Recorded incidents of antisemitism in the UK are on the rise, a report from British charity Community Security Trust (CST) reveals.
CST recorded 1,168 antisemitic incidents in 2014, more than double the 535 incidents logged the previous year and a record high since the annual statistics began being produced in 1984.
The organisation said 233 antisemitic incidents involved the use of social media, compared to 88 such incidents in 2013. Though reactions to the conflict in Israel and Gaza that took place in July and August was acknowledged as the single biggest factor in the spike, CST also noted a 38pc increase in incidents during the first six months of 2014 compared to the same period in 2013.
According to CST, incidents involving the use of social media are only recorded if “they have been reported by a member of the public who fulfils the role of a victim or witness; if the comment shows evidence of antisemitic content, motivation or targeting; and if the offender is based in the United Kingdom or has directly targeted a UK-based victim”.
To tackle this rise in hate speech, an All-Party Parliamentary Inquiry into antisemitism wants prosecutors to examine if prevention orders to restrict offenders’ internet access could be used, according to Independent reports.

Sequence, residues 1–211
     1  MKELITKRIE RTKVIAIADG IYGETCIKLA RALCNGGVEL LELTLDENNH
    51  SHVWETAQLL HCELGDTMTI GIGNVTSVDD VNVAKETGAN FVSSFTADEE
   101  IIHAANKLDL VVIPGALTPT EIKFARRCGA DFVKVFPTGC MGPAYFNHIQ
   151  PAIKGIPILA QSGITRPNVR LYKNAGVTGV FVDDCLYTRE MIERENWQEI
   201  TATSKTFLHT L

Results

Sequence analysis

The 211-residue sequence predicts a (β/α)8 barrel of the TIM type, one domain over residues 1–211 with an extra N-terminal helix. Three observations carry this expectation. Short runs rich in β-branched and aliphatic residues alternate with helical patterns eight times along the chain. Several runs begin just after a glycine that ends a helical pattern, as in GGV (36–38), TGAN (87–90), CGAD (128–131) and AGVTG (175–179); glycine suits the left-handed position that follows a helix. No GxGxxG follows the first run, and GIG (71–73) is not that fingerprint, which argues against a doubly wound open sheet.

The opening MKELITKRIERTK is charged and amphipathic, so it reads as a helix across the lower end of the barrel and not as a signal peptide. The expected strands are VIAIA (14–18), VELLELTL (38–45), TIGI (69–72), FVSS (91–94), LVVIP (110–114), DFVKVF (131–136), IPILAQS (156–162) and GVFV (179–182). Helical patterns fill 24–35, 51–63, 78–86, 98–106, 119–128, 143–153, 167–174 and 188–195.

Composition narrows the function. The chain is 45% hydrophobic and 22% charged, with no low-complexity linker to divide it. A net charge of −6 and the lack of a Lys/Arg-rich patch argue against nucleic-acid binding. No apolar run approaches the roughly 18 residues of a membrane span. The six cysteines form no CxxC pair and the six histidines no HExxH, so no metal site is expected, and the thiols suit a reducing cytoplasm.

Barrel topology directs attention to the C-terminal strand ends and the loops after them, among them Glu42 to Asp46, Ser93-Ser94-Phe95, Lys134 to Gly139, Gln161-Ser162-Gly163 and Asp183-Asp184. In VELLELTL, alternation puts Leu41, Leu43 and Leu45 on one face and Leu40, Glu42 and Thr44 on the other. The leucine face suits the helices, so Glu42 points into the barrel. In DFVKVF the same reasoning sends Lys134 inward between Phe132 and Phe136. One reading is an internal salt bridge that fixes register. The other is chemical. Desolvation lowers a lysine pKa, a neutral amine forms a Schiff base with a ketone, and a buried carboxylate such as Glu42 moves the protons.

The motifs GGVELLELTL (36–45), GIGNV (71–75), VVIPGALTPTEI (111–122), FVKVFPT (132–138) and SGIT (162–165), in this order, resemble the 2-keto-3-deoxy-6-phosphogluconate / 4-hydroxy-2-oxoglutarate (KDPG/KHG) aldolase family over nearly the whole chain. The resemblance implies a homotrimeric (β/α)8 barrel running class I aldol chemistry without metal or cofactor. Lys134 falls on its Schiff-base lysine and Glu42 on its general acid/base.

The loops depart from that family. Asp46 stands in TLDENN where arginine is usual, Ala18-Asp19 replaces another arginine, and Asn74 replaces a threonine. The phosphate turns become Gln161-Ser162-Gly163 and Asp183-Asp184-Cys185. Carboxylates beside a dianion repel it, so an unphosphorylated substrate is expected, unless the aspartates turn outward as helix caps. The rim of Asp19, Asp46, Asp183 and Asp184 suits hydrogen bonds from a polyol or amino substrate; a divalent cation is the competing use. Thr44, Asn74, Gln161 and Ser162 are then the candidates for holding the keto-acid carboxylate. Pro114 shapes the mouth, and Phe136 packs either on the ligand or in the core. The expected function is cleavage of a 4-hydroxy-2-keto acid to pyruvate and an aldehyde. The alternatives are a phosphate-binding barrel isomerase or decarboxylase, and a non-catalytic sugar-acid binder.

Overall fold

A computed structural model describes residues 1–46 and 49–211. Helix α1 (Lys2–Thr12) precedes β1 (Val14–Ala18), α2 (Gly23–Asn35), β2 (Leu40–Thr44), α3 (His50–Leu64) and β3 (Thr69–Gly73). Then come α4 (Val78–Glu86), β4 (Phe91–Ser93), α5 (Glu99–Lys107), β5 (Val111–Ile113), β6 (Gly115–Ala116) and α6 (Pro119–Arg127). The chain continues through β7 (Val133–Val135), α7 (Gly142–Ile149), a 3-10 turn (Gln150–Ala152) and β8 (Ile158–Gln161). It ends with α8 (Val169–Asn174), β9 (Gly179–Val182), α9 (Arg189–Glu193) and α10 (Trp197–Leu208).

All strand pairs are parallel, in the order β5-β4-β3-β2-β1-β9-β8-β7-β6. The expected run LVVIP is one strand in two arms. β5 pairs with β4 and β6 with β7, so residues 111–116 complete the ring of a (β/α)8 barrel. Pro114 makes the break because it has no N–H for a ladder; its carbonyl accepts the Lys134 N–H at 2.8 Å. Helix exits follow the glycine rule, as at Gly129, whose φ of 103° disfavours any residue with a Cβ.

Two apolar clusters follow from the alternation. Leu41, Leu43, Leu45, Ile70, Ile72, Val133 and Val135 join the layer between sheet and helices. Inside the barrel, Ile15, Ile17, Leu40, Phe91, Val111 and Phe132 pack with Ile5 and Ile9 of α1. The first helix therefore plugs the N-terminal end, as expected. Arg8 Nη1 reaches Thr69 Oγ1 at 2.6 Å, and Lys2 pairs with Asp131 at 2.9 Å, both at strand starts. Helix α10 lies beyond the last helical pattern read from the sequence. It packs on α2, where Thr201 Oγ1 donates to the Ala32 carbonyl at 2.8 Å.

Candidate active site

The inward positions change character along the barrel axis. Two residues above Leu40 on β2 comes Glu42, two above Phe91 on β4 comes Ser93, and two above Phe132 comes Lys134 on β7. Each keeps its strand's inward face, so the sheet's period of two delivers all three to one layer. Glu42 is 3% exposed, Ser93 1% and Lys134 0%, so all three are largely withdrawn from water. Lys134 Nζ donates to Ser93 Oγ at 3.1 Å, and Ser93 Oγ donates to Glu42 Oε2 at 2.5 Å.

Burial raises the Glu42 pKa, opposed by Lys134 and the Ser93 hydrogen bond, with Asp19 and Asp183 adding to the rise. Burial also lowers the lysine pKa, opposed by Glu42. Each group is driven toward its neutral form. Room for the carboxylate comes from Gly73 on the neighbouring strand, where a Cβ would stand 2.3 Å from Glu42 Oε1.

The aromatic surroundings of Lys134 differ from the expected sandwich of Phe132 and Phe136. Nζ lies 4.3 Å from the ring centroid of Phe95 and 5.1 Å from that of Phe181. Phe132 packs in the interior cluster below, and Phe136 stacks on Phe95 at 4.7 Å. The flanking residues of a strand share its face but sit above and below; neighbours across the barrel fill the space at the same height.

“There is an allowance in the law for banning or blocking individuals from certain aspects of internet communication in relation to sexual offences,” read a report released by the inquiry, which was produced separately to CST’s release.
“If it can be proven in a detailed way that someone has made a considered and determined view to exploit various online networks to harm and perpetrate hate crimes against others then the accepted principles, rules and restrictions that are relevant to sex offences must surely apply.”
The inquiry praised Facebook as a “willing partner” in tackling antisemitism, though noted “serious concerns” about Twitter and its complaints procedures.
Internet abuse image via Shutterstock
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